1914. but may not be able to remain so. The Panama Canal Government is hastening its preparations for its opening so as to allow sea-going ships to pass through, especially in the event of war. Smaller craft are already passing through (T.S.R. 54. 2 P.M. 85. S.S. 71.)
Aug. 4. Tues. Received letter from Theresa and wrote to Ada. Theresa is gaining so well that she hopes to be able to come to us next Sund. and we heartily join in the same hope. (T.S.R. 51. 2 P.M. 94. S.S. 76.)
Aug. 5. Wed. Received another letter from Theresa and one from Willie and wrote to Theresa. And sad to relate! she writes that on Mond. morning after being up part of the time for two days and moving about a little, she woke with fever and severe pain in the leg that was infected from typhoid fever when she was in Hospital. They sent at once for the doctor and he said "milk leg" and said she must now be quiet. She wrote hopefully, however, for the pain had nearly all subsided and the fever had gone. Besides the trouble was confined to below the knee, and the pain had not been at all so severe as before. But how disappointing this is to us all, for her coming to us seems now postponed for weeks. Nellie Bergquest and husband and Bernice came in this P.M. They brought a picture of their new house in Sacramento, into which they have lately moved - corner of Pond 26th Sts. It is built some what in the bungalow style, one story above finished cement basement, where there are conveniences for cooking, washing and ironing. Then on top is a sleeping porch, like a cupola, with 12 windows in it. It is not a wooden house, is built of large terra-cotta tiles, ventilated tiles, and the whole house covered with white plaster. Bernice will be four years old next month and is to enter kindergarten when it opens. She already attend S. School and took part in Easter celebration and can sing some little motion songs, acting them out well - is growing and improving. There have been two fires today. The first was a shed next to one of the new houses that Mr. Parker lately built, which was bought by a Dane Family named Jensen. He owns an automobile, and fortunately, when the fire broke out between 8 and 9 o'clock this morning, he ran in and grabbed a twenty gallon can of gasoline and took it to a safe place, while Mrs. Clifford, next door, furnished water and neighbors gathered and confined the fire to the shed, although it was but 12 or 15 ft. distant from the house. There was no wind, else the fire might have destroyed many buildings in the "Clifford Addition", as it is called. But they lost trunks of clothing and other valuables, having but lately moved there. The second fire was across the river in the Small Farms Colony again, but as a crowd of helpers
1914. went over, no buildings were destroyed, although some crops, few, I suppose, went up in smoke. Now England has declared war against Germany, in order to help her allies, Belgium, Holland, Denmark and France, whom Germany, ostensibly to help Austria, but more especially to satisfy her her ambition, is menacing. Germany has taken the town of Luxenbourg, belonging to France, without so much as a declaration of war, and while her ambassador is still in Paris, and is trying to march her troops across Belgium with the latter's permission, was to reach the North Sea. So nearly all of Europe is, or will be, involved in the war. Our country is neutral, and we hope may be able to remain so. But ships now cannot safely sail the Atlantic and Americans in Europe are in a bad situation. (T.S.R. 61. 2 P.M. 96. S.S. 81.)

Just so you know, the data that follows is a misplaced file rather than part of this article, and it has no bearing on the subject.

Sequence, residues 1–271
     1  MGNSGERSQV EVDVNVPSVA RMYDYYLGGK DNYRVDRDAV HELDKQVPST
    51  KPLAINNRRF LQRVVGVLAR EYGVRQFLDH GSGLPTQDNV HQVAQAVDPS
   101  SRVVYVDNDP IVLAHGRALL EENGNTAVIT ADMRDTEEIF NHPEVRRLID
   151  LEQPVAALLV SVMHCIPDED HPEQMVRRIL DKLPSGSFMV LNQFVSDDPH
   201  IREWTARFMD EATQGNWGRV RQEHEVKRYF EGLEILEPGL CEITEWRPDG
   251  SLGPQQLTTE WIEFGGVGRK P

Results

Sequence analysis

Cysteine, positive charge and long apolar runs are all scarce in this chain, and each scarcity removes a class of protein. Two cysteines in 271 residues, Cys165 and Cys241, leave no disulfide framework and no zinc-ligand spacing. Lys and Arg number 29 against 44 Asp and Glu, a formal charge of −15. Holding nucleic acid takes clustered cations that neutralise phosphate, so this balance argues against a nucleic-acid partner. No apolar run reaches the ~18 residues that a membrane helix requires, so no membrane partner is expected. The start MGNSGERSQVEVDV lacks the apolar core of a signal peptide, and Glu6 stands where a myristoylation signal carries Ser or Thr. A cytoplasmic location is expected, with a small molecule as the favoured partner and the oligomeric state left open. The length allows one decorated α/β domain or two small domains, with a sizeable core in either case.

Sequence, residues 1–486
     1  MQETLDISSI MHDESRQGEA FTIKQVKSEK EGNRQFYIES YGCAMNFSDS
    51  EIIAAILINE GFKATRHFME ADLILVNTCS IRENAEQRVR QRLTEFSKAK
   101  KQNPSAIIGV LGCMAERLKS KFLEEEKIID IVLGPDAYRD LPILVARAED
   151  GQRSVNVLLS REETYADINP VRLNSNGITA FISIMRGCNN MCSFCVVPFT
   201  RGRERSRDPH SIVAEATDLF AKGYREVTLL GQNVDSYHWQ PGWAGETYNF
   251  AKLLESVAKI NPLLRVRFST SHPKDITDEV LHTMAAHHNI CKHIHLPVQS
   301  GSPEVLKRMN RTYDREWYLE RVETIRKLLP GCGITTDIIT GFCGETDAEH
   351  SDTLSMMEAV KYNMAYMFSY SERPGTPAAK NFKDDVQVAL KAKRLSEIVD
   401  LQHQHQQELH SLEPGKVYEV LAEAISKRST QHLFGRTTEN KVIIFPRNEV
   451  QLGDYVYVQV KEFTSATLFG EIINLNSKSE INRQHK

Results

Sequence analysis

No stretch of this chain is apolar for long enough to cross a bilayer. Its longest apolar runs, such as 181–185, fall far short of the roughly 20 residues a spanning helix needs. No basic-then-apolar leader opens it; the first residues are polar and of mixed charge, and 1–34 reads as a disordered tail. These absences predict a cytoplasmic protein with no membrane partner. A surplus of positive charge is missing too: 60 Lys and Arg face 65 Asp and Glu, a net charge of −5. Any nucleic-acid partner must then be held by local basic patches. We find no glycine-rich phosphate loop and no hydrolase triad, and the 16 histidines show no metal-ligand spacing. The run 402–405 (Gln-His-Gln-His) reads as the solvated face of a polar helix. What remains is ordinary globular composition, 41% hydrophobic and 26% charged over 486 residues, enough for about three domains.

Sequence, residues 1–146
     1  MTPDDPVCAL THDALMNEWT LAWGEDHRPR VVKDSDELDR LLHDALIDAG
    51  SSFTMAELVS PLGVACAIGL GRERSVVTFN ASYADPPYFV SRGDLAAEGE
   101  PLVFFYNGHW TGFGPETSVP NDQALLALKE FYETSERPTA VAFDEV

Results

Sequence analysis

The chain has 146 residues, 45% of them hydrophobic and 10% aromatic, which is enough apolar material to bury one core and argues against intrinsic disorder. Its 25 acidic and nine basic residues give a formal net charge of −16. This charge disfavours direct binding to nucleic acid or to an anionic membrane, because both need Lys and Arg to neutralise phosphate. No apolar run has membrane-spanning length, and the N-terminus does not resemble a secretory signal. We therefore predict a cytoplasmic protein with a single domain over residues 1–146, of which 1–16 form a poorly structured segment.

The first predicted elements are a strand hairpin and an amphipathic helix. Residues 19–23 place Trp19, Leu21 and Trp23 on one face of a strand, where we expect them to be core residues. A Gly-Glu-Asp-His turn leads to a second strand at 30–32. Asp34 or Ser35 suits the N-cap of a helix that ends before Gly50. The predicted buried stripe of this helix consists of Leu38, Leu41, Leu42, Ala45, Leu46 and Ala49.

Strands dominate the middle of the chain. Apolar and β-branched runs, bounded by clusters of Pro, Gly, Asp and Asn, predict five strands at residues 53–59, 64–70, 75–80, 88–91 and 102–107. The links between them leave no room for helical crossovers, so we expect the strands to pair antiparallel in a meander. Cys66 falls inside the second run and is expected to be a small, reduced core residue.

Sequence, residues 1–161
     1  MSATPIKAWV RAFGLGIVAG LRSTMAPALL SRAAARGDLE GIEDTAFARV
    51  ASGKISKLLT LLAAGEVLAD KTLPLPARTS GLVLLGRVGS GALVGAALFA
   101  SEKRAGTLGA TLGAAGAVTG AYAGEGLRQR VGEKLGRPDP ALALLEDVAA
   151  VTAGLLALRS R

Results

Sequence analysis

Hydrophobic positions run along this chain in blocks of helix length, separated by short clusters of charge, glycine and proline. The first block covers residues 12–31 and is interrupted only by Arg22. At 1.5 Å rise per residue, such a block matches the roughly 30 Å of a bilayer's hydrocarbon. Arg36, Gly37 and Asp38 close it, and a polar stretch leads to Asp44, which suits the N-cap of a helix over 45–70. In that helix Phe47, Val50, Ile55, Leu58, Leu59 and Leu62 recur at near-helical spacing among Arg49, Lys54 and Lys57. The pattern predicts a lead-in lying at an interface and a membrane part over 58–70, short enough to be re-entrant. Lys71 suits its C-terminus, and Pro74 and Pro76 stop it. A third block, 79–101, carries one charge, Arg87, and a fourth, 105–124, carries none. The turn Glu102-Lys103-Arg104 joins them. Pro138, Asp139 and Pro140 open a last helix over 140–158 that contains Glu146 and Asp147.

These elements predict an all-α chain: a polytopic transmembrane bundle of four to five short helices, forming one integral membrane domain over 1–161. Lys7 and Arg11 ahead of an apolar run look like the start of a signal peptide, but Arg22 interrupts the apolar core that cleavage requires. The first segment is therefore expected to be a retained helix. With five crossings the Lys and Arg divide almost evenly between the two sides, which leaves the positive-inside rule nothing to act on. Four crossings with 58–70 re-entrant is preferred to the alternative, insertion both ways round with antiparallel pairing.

Aug. 6. Thurs. Wrote Post-Card to Bro. Horace, who is to be 67 yrs. old tomorrow - have not heard whether he has yet returned from Lake Tahoe. (T.S.R. 62. 2 P.M. 95. S.S. 78.)
Aug. 7. Fri. The wife of Pres. Wilson died yesterday - she has been failing in health for months. This will be a most severe trial to him at this time of unrest with the world war. It is said she was a great help and inspiration to him - an exceptionally good woman. She was born in Rome, Georgia, in 1860 - name Ellen Axson. She is to be taken there to be buried after the funeral here next Mond. Received letter from Theresa and wrote to her. Baby now weighs 9 1/4 lbs. having gained 1 1/4 lbs. in two weeks. (T.S.R. 60. 2 P.M. 93. S.S. 76.)
Aug. 8. Satur. Have written to the children in the East and to Theresa. (T.S.R. 58. 2 P.M. 88. S.S. 72.)
Aug. 9. Sabbath. Church services as usual - small congregations owing to so many absentees. (T.S.R. 54. 2 P.M. 84. S.S. 70.)
Aug. 10. Mon. Received letters from Adelaide, Will Cooke, Theresa and Willie, and wrote to Eureka. Mrs. Wright called, also Alma Locke, who today has returned from her vacation trip in the North, when she visited in Portland, and in Trinity Co. Cal. and in Dunsonnis. She repots a fine time all around. she is looking well. (T.S.R. 54. 2 P.M. 87. S.S. 76.)
Aug. 11. Tues. Have written to Theresa and Ada. Mrs. Tarbell called, also our George, who, with his family and Mr. and Mrs. Walsh is planning to go tomorrow to Lake Tahoe on a camping trip. (T.S.R. 56. 2 P.M. 92. S.S. 77.)
Aug. 12. Wed. The Church Trustees met here this P.M. Present were Julius B. And Lou Locke with Rev. Sahlstrom and myself. (T.S.R. 58. 2 P.M. 90. S.S. 72.)
Original dimensions: 23 x 36 cm.
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Delia Locke, diaries, women, diarist, California, Locke-Hammond Family Papers, Lockeford, CA, Dean Jewett Locke, rural life, rural California, 19th Century, church, temperance organizations, Mokelumne River Ladies' Sewing Circle, temperature recordings, journal